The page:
An employee will be required to continue to pay any portion of plan premiums which had been paid by the employee prior to FMLA leave. If the FMLA leave is substituted for paid leave, the employee’s share of premiums must be paid by the same method normally used during any paid leave period, e.g., payroll deduction. An employer may collect payments or co-payments from the employee during unpaid FMLA leave either directly or require the employee to pay the insurance carrier (no additional charge may be added to the employee’s premium payment for administrative expenses).
Employers must provide employees with advance written notice of the terms and conditions under which the payments are to be made. An employer’s obligation to continue health insurance coverage ceases if an employee’s premium payment is more than 30 days late. An employer must give an employee written notice at least 15 days before coverage is to be ceased.
If coverage lapses because an employee has not made required premium payments, the employer must still restore the employee to equivalent coverage/benefits upon the employee’s return from FMLA leave. Many employers, therefore, continue to make the premiums payments on behalf of the employee to insure that coverage does not lapse.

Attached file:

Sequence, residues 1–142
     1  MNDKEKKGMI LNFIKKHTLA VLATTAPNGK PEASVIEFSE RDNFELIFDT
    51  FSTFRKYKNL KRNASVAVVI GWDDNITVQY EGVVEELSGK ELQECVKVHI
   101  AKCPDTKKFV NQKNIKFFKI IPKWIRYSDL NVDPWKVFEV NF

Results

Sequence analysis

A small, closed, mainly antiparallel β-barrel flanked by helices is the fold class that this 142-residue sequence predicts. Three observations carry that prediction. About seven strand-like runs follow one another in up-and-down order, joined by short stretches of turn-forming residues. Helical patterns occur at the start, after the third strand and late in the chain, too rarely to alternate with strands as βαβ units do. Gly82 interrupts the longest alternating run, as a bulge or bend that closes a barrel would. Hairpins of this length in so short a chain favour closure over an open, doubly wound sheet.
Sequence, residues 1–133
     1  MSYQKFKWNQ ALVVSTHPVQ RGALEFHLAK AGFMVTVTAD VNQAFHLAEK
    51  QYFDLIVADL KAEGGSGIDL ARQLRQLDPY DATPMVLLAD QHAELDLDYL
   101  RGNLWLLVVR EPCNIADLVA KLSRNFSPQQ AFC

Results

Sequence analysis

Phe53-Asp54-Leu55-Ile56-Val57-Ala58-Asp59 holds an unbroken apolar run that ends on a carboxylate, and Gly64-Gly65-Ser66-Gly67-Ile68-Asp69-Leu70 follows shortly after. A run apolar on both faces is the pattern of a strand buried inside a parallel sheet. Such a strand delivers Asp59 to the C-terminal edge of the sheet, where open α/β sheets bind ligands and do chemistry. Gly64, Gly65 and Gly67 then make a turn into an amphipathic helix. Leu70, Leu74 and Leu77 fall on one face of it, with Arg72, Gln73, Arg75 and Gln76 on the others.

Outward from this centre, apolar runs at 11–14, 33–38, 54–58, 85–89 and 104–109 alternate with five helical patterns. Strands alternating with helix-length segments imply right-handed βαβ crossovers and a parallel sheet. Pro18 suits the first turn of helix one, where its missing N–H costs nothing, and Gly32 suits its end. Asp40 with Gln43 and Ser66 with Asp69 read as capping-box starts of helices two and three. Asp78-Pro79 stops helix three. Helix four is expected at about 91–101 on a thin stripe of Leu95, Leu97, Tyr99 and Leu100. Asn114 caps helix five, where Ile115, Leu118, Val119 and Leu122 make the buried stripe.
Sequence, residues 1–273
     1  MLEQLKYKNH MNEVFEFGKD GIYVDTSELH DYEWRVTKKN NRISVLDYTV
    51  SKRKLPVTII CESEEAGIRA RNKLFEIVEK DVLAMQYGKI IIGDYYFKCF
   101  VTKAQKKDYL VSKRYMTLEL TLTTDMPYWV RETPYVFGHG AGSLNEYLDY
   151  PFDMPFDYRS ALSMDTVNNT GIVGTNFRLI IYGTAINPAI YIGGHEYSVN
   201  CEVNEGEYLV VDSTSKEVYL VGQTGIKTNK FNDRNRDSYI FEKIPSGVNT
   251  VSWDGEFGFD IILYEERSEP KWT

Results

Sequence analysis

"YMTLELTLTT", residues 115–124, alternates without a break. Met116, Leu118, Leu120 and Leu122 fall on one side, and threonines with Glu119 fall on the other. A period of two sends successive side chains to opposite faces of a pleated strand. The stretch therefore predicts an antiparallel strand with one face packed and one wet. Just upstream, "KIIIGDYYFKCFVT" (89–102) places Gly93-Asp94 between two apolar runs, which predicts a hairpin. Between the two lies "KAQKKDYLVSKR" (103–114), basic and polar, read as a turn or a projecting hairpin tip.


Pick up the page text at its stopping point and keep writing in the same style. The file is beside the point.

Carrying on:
Except as required under COBRA, an employer’s obligation to maintain health benefits under FMLA ceases if and when an employee informs the employer of his intent not to return from leave; if the employee fails to return from leave and thereby terminates employment; or if the employee uses up all of his FMLA leave entitlement. In addition, an employer may recover the employee’s share of any premium payments made by the employer on behalf of the employee during FMLA leave and also recover both the employer’s share and the employee’s share of premiums paid if the employee fails to return to work after the FMLA leave unless the reason the employee does not return is because of the continuation, recurrence or onset of a serious health condition or other circumstances beyond the employee’s control.